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Hannover Messe 2013: Switchable adhesion principle enables residue-free gripping in vacuum

26.03.2013
Components with highly sensitive surfaces are used in automotive, semiconductor and display technologies as well as for complex optical lens systems.

During the production process, those parts are transferred in between many process steps. Each pick-up and release with conventional gripping systems involves the risk of either contamination of the surfaces with residues from transportation adhesives, or damaging due to mechanical gripping of such surfaces.

Suction cup systems diminish residues, but fail in a vacuum or on rough surfaces. Researchers at the Leibniz Institute for New Materials (INM) enhanced the Gecko adhesion principle that adhesion can be switched on and off in vacuum.

"Artificially produced microscopic pillars, so-called gecko structures, adhere to various items. By bending these pillars, the adhesion can be switched off. Thus, items can be lifted and quickly released by this bending process," explains Elmar Kroner, the deputy head of the program division "Functional Surfaces". This can be achieved by various mechanisms: Slight shear movements or elevated perpendicular load cause a bending of the pillars without damaging the lifted item. "This technique is particularly interesting in vacuum, as suction cups fail here," says Kroner. Parts, for example, can be moved within a reactor chamber for vapor phase deposition (CVD or PVD).

With the currently developed adhesion system, objects with smooth surfaces can be lifted and released, having a weight of approximately 100 gram per square centimeter. "In our test runs, the system has proved successful even after 20,000 runs", says the materials scientist Kroner. His group is now working on the movement of curved and rough surfaces without leaving residues using this adhesion principle. "Then, we could also move glass lenses or automobile bumpers without damaging them in the production process," says Kroner.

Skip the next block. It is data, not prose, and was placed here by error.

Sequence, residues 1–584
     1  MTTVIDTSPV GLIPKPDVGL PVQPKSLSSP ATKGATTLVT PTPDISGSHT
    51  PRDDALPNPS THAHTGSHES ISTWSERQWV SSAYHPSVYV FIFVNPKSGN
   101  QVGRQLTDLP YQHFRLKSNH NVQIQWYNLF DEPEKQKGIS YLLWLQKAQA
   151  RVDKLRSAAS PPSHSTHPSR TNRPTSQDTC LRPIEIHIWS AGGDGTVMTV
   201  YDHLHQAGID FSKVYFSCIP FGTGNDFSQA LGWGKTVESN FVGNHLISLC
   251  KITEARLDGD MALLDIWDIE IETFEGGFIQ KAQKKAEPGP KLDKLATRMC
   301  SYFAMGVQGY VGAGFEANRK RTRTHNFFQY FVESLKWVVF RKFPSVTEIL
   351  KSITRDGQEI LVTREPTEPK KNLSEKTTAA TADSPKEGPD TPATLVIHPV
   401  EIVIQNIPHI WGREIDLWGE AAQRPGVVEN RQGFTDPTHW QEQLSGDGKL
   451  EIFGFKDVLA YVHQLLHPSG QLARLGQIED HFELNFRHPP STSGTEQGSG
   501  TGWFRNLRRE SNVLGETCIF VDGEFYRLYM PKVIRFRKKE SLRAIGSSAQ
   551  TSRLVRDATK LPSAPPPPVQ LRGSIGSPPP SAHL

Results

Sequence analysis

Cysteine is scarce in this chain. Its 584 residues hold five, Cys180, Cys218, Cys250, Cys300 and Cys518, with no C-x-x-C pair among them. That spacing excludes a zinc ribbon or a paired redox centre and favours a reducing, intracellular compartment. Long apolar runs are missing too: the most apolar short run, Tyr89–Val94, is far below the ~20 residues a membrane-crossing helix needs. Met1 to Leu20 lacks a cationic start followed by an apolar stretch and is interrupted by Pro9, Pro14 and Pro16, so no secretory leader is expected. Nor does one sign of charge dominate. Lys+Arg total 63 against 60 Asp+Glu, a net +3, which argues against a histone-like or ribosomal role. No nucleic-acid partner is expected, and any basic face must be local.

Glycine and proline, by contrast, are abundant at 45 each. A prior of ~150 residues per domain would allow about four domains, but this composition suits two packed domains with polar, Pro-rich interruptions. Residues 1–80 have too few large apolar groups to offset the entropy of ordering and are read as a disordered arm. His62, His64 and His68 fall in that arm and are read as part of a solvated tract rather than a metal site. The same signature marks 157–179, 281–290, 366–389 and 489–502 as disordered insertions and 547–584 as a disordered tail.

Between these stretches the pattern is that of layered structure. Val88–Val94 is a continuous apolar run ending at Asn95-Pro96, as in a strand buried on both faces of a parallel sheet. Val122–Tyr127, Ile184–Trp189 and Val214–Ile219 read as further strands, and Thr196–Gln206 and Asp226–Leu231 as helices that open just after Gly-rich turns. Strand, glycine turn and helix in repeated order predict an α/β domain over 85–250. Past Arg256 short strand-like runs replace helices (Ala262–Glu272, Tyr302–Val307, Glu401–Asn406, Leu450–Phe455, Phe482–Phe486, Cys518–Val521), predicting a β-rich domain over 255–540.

From April 8 to 12, 2013, the researchers of INM present this and further results at the Hannover Messe (Hall 2, Booth C40) in the framework of the Leading Trade Fair "Research and Technology". This includes new developments in the field of display techniques, printed electronics, solar energy, corrosion protection, antifouling, antifriction and functional surfaces.

Contact for this subject at the booth of the trade fair:
Joachim Blau, joachim.blau@inm-gmgh.de
Maurizio Micciché, maurizio.micciche@inm-gmbh.de
Mareike Frensemeier, mareike.frensemeier@inm-gmbh.de
Program Division "Functional Materials"

Contact for this subject at INM:
Dr. Elmar Kroner

Phone: +49681-9300-369
elmar.kroner@inm-gmbh.de
Program Division "Functional Materials"

In addition, INM presents its activities in a broad lecture program at the Hannover Messe:

Tuesday, 09.04.2013, 11:15 a.m., tech transfer - Forum, Hall 2
Dr. Mario Quilitz: "Nanotechnology in the Leibniz Association"

Wednesday, 10.04.2013, 11:40 a.m., Forum "MicroTechnology – Innovations for Industry", Hall 17
Dr. Mario Quilitz: "Das INM – von der Grundlagenforschung bis zur Pilotfertigung"

Thursday, 11.04.2013, 11:00 a.m., tech transfer - Forum, Hall 2
Dr. Carsten Becker-Willinger: „Multifunktionale Beschichtungen für industrielle Anwendungen“
Dr Peter William de Oliveira: “Optical Material for Displays and Printed Electronics”

INM, situated in Saarbruecken/Germany, is an internationally leading research center for innovative materials. Specialized in the three research fields of Chemical Nanotechnology, Interface Materials and Materials in Biology, the institute provides research and development from molecule to pilot production delivered by a highly skilled team of chemists, physicists, biologists, materials and engineering scientists. It cooperates with national and international institutes and develops materials with tailor-made properties for companies throughout the world. INM is an institute of the Scientific Association Gottfried Wilhelm Leibniz and employs around 190 collaborators.

Dr. Carola Jung | idw
Weitere Informationen:
http://www.inm-gmbh.de
http://www.leibniz-gemeinschaft.de

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